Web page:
It has been a long time since I read the first book but will remember what I can. There were dragons, but they could not survive alone; they needed human hosts, and were beneficial to the human. There was a war going on. I remember, at the end of the first book, the dragon was looking for a new host and he flew over a crippled girl, and she asked him to save her, but the dragon scorned her and looked for someone stronger.

  • Dragon spirits inhabiting humans is actually a pretty tropey trope; goodreads.com/book/show/13516062-immortal-coil
    – Valorum
    Dec 29, 2014 at 23:49
  • And this; goodreads.com/book/show/21803200-kindling-ashes
    – Valorum
    Dec 29, 2014 at 23:49
  • You mention "Japan" in your tags. Do you remember the book as being set there? And when was "a long time ago"?
    – FuzzyBoots
    Dec 29, 2014 at 23:54
  • I am pretty sure that the book was set in Japan although cannot be 100% I read the book over ten years ago. The main character was a man who was nobody before the dragon but ended up with a big castle. I have a strange feeling the author was female
    – Suzy
    Dec 30, 2014 at 0:16
  • Dragon souls in people? Sounds like Skyrim Lore books to me.
    – Kaz Wolfe
    Dec 30, 2014 at 13:09

4 Answers 4


A series of books that come to mind are a trilogy by Joanne Bertin; The Last Dragonlord, Dragon and Phoenix and Bard's Oath. The humans share a soul with dragons and can shape shift into them. The Dragonlords act as judges/mediators for the kingdoms. There is the prospect of a civil war happening because of a royal assassination. The youngest dragonlord, if I remember correctly, was a common warrior before becoming becoming twin souled.The woman who's becomes the next dragonlord at the end of the book is not crippled, but in the second book is unable to shift. Also a good deal of the second book happens in a land that resembles Chinaenter image description here enter image description here

  • I will look this up as it sounds like it could be the one.
    – Suzy
    Dec 30, 2014 at 8:40

Could this be Eon: Rise of the Dragoneye (2008) by Alison Goodman, also known as The Two Pearls of Wisdom?

It was a duology rather than a trilogy but the plot seems to fit. The blurb mentions dragons co-habiting humans and a crippled girl:

Twelve-year old Eon has been studying the ancient art of the Dragoneyes for two years. But he is playing a dangerous game: Eon is actually Eona, 16 years old and a girl. Her true identity must remain hidden at all costs: it is forbidden for women to practise the Art, and to be discovered would be punishable by death.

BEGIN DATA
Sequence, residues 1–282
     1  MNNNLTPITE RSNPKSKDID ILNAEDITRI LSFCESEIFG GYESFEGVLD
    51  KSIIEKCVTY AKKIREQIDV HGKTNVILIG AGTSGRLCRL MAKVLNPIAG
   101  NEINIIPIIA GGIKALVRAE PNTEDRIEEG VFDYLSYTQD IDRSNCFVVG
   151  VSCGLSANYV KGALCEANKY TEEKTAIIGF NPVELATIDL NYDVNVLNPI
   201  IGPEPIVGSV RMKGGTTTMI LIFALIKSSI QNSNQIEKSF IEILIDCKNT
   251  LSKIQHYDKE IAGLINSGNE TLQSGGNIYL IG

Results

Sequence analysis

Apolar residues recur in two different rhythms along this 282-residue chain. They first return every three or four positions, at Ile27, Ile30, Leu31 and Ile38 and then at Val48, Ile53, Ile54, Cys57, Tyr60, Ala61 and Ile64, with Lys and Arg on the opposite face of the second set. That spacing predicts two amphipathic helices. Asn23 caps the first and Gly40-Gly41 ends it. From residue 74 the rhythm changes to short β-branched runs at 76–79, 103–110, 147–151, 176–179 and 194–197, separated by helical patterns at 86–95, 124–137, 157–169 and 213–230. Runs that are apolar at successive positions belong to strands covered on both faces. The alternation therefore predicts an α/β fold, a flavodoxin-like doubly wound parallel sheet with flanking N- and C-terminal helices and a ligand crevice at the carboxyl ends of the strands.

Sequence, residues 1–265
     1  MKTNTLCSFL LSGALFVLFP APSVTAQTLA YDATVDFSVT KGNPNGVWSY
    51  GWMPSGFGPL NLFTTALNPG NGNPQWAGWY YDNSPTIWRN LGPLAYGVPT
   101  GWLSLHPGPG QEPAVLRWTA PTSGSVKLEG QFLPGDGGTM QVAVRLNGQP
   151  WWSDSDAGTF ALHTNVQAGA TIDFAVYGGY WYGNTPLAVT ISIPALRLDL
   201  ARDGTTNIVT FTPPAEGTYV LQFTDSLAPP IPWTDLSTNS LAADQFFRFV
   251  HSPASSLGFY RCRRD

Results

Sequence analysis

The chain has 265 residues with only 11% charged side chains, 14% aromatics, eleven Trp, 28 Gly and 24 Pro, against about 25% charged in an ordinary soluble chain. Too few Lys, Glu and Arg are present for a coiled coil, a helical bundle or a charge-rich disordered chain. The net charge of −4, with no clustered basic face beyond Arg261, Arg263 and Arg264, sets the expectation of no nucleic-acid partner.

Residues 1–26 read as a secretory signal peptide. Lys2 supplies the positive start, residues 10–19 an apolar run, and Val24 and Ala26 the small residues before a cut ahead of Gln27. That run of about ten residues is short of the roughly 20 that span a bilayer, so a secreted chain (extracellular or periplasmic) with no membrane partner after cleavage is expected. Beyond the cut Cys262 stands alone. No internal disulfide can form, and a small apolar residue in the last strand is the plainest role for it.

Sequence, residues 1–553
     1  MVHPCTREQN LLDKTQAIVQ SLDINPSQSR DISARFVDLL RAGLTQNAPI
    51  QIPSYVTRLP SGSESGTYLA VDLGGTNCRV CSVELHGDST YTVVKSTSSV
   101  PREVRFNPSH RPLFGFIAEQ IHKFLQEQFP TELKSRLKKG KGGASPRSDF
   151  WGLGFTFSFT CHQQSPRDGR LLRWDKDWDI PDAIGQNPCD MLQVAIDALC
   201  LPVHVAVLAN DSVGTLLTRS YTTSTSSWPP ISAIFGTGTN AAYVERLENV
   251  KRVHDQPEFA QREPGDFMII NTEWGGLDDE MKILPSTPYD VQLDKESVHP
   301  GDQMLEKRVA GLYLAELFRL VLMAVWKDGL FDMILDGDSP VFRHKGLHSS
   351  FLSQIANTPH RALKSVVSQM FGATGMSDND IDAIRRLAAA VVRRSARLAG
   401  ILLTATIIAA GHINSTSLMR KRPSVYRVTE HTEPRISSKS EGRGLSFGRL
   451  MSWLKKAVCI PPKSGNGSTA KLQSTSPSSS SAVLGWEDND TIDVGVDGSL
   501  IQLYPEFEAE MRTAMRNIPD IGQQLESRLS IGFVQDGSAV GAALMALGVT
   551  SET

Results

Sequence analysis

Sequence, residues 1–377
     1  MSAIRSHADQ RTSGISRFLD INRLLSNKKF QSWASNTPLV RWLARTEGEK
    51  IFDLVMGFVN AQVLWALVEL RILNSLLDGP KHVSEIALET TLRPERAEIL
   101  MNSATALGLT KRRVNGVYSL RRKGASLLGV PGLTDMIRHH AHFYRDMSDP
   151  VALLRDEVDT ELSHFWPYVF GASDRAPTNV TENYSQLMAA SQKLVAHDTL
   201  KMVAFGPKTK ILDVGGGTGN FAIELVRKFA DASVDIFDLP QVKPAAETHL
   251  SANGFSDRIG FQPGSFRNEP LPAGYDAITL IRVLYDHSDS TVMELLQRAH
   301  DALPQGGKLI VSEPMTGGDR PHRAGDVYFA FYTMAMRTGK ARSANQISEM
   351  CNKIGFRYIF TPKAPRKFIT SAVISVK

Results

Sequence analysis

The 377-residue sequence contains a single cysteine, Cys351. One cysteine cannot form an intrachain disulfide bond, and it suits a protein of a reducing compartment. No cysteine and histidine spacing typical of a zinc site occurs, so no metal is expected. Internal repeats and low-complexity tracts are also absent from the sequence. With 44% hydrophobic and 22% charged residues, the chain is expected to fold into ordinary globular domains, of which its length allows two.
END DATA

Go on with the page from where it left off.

Let down by her injured leg, it seems that Eon is destined to fail in her quest, until a spectacular twist in events catapults her into the opulent but treacherous world of the Imperial court. Without a master to guide her, Eon must learn to harness her unprecedented natural power, while protecting the secret that could cost her everything . . .

Set against a rich backdrop of Ancient Chinese myths and traditions and fraught with tension, this is a classic page-turner.

  • 1
    There were definitely three books as I borrowed them from a friend who moved away before I read the third book which is why I want to find them. Also the girl was not a main character until book 2.
    – Suzy
    Dec 30, 2014 at 0:18
  • The books went through multiple renamings which could be what you're thinking of.
    – Valorum
    Dec 30, 2014 at 0:21

Possibly it's the Dragonback zeries by Timothy Zahn. In the first book,

When another ship crashes after a fierce battle, Jack rescues the sole survivor-- a K'da warrior names Draycos, a dragonlike being who cannot live apart from a symbiotic relationship with a humanoid host

by allowing him to bond, as a two-dimensional image/tattoo, on his skin. This bonding was required for the K'da to survive long-term (they could leave short-term).

Don't remember a crippled girl being passed over, however. And it was in future Space, not Japan. But it did involve a dragon. :)


I'm pretty sure you're thinking of The Tears of Artamon series, in which dragons live inside human hosts, making the host considerably more powerful but slowly changing them from humans into dragons.

The crippled girl is Karila, who begged Khezef to take her but was refused. The main character you mentioned in a comment would be Gavril Andar, who was a nobody who received the dragon and was revealed as heir to the throne of Azkhendir, and indeed, got a big castle. The war was ongoing for much of the trilogy, and yes, the author was female. Not sure about Japan though.

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